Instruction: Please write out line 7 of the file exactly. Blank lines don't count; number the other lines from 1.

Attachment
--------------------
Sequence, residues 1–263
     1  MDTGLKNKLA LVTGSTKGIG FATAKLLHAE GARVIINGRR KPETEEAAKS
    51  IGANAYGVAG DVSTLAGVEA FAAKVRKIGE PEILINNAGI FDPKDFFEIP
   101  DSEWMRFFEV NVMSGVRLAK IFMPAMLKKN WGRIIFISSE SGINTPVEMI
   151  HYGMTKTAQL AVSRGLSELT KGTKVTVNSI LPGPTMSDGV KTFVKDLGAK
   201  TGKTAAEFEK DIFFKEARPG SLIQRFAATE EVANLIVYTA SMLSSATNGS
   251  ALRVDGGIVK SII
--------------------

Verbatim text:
   251  ALRVDGGIVK SII